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Key Dates:

Call for Papers
Summer 2008

Abstract Submittal Deadline
3 October 2008

Authors Notified,
Student Travel Grant Recipients Notified
December 2008 

Schedule Posted
January 2009

Meeting
25-30 January 2009

Nice: Geography & Culture

Prepared by the Co-Chairs of ASLO 2009: Jean-Pierre Gattuso, CNRS-University of Paris VI, Laboratoire d’Océanographie, BP 28, 06234 Villefranche-sur-mer, Cedex, France; gattuso@obs-vlfr.fr; Markus Weinbauer, CNRS-University of Paris VI, Laboratoire d’Océanographie, BP 28, 06234 Villefranche-sur-mer, Cedex, France; wein@obs-vlfr.fr; Peter Bossard, Department of Limnology, EAWAG, Limnological Research Center, CH-6047 Kastanienbaum, Switzerland; peter.bossard@eawag.ch

Reprinted from L&O Bulletin 16.2.

In geological terms, the French and Italian Riviera and its back-country have been made by the African continental plate pushing against the Eurasian plate and folding up the still growing mountain range of the Alps. Where the Alps descend into the Mediterranean Sea, there is an old settling ground with a multitude of geographies. For example, the high Alps are close to the sea and provide cold winters in the back-country. The nearby Provence is particularly dry and hot in summer, hostile and attractive at the same time, whereas the combination of protecting hills and the ocean create a mild microclimate around Nice and other places of the Côte d’Azur.

The geographic variability (in addition to the climate and the food) has attracted a lot of people and the purpose of this short piece is to give a feel of what the ASLO delegates can expect in the area. Naturally, the light and the colors have attracted painters much more than other artists. A forthcoming article by Malcom Shick will dwell on the art in the area of Nice.

Festivals are plentiful. If you stay a bit longer, you can attend the Fête du Citron in Menton (ca. 30 km from Nice at the Italian border), which was, until about 100 years ago, the biggest lemon growing area in the Mediterranean. Now, during the “lemon carnival,” thousands of lemons are used to create figures for the processions. Another attraction is the two-week Carnival of Nice, soon after the ASLO 2009 Meeting, with its different types of processions. The glamorous towns of Cannes and Saint Tropez are close and also attractive in the off tourist and festival season. In Monaco, there will be two car rallies around the meeting. Music festivals are rather rare at this time of year, however, the opera in Nice is quite renowned.

The geographic variability also provides possibilities for leisure activities. In winter, the first ski resort is just a bit more than an hour away and daily transport can be arranged. The next day you might decide to go diving at the steep, rocky shores of the Cap de Nice or Cap Ferrat, not far away from where the first SCUBA divers such as Cousteau opened the door to the ‘submarine’ coastal ecosystem. Put on a reasonably thick diving suit and the seawater winter-time temperature (13°C) will not be too bad! Off the Bay of Villefranche, several world records in free deep diving have been broken. Sadly, Loïc Leferme, who held the record of 171m for a while, died in April 2007 during the preparation for his next attempt at 185 m. If you are lucky, you can swim with dolphins. During wintertime in Roquebrune Cap Martin, you can paraglide and land on the beach. Canoeing, rafting and mountaineering (ice and stone) are, of course, also possible in the Alps. Sailing and rowing is particularly nice in the protected Bay of Villefranche. You can also take a less than 2 h train ride to the Mercantour National Park, which leads through beautiful valleys. The highest peak is at 3143 m and, in the Summer and Fall, one can seek out the wolves and the marmots. Or, just take a car or motorbike and visit one of the small mountain villages in the hinterland of the Côte d’Azur (e.g. Roquebrune, Sainte Agnès, Peillon, etc.).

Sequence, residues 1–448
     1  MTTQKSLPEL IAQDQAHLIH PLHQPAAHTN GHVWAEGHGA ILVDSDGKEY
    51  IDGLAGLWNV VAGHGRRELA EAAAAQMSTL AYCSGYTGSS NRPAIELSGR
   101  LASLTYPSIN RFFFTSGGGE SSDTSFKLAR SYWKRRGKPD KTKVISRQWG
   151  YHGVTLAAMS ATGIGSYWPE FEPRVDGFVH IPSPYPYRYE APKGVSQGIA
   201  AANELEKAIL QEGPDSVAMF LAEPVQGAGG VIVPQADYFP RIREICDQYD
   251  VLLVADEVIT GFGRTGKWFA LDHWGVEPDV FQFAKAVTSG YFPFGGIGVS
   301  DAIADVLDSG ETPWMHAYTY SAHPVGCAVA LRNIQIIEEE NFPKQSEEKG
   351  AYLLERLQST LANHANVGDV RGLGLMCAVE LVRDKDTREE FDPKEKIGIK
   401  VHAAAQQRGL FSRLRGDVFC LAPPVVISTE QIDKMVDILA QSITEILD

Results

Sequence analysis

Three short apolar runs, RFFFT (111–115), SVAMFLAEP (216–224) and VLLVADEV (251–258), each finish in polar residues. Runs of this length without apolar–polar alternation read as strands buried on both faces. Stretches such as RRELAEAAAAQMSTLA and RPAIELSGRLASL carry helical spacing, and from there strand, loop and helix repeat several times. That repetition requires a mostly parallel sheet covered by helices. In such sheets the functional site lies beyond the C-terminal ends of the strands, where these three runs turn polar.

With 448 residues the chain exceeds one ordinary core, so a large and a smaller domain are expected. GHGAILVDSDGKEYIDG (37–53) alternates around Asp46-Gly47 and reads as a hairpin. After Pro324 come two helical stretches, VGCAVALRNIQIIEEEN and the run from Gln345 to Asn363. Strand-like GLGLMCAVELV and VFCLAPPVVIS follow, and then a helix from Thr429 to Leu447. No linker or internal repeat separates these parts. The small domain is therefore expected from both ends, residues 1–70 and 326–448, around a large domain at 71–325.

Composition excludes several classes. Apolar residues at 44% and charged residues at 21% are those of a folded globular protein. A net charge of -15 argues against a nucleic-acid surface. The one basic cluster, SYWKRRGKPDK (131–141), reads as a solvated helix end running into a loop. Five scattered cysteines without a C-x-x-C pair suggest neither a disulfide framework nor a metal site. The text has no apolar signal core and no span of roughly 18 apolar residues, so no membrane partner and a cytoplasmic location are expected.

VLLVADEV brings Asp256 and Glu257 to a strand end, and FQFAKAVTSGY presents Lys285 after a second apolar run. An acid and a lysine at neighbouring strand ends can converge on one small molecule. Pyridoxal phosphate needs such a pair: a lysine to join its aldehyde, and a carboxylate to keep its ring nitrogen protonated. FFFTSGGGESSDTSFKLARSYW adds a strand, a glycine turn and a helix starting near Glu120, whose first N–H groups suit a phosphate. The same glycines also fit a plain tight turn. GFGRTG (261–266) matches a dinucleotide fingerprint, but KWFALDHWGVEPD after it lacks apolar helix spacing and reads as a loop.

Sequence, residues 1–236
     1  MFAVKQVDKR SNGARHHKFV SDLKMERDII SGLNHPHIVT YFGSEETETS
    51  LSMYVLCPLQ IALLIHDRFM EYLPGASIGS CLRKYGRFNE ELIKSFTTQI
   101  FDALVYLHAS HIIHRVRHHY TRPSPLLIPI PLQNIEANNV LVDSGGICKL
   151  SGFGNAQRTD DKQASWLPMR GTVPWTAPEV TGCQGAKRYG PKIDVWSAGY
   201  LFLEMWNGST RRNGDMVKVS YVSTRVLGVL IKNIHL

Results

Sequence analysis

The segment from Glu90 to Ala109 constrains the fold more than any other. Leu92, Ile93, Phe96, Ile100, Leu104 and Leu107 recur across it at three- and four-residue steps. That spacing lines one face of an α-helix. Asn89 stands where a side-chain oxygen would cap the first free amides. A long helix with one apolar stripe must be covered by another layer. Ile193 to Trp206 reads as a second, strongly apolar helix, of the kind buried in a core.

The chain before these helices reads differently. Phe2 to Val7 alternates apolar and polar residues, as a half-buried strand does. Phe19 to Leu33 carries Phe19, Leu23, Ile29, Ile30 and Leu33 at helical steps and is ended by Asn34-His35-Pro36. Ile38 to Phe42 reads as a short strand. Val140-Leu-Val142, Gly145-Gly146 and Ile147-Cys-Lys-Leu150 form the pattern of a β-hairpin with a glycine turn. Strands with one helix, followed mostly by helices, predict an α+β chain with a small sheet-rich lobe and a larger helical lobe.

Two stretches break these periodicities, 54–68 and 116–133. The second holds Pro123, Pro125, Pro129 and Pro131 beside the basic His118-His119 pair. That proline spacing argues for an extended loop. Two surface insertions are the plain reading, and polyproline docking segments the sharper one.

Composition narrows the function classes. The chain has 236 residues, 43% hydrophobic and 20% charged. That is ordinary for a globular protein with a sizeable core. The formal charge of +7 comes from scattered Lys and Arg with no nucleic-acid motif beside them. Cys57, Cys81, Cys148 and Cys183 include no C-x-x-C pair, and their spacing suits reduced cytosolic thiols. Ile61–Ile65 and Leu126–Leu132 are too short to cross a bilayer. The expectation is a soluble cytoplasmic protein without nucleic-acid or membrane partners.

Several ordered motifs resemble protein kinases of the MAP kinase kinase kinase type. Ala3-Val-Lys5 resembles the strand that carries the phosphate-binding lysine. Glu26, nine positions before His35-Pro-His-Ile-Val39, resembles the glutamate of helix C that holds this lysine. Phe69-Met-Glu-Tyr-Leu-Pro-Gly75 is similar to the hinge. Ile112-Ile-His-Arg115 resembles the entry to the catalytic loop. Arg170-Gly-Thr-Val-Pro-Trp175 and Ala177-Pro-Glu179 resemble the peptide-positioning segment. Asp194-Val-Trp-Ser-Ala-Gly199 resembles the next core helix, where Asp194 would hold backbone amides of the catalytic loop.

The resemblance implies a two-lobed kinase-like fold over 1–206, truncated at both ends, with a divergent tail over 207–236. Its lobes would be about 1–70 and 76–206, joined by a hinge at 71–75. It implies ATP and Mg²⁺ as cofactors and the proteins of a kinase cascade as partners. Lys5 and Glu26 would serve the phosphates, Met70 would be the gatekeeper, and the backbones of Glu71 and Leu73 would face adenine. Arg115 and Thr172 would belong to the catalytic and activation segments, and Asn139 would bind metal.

The Provence, home of the troubadours and minstrels, is famous for its lavender and flower fields and its smells of herbs. The Luéaron is an area not only famous for its wine, but also infamous for a certain cruel marquis. From the Provence and the Alps, you can descend to the coast with the citrus, olive, palm, pine, and sycamore trees, bougainvillea, and mimosas. Castles, palaces, cloisters, churches, or just charming old buildings are everywhere. Like an impressionist’s palette, in shades from yellow to red or ochre, the walls of the towns recall its origins, the sun and the sea and the mountains, the heat and the happiness. Experience the profusion of Mediterranean life!

The perfumeries in Grasse, the town looking down from the Provence to the Côte d’Azur; the towering, tree-covered Massif des Maures (maouro, provençal word for dark wood) and Massif de l’Estérel, legendary stronghold of brigands raiding the surrounding area; the amphitheatre of Arles, the elegant opera and theatre town Aix-en-provence; Avignon, the city of the popes; Marseille, the multicultural, vibrating harbor city; the steep cliffs and fjords of the Calanques, probably one of the most idyllic and fascinating coasts in France; the Camarque with its river-ocean mix of landscape; the old trade (and pirate) places Monaco (do not forget to visit the aquarium!) and Genova; mountain-top villages in the back-country; the culinary astonishing countryside of the Italian Riviera and Piemonte. All of this, you can reach in a day trip. You certainly do not want to miss visiting Villefranche-sur-mer, one of the most picturesque villages in the area (and home of the French organizing laboratory). The high-speed speed ferries take less than 3 hours to reach Corsica, which is called in French ‘Ile-de-Beauté’ (Island of Beauty) and this is no joke. If you like food you will find some of the best sausages, hams, and cheeses in France, but food is the topic of the next installment.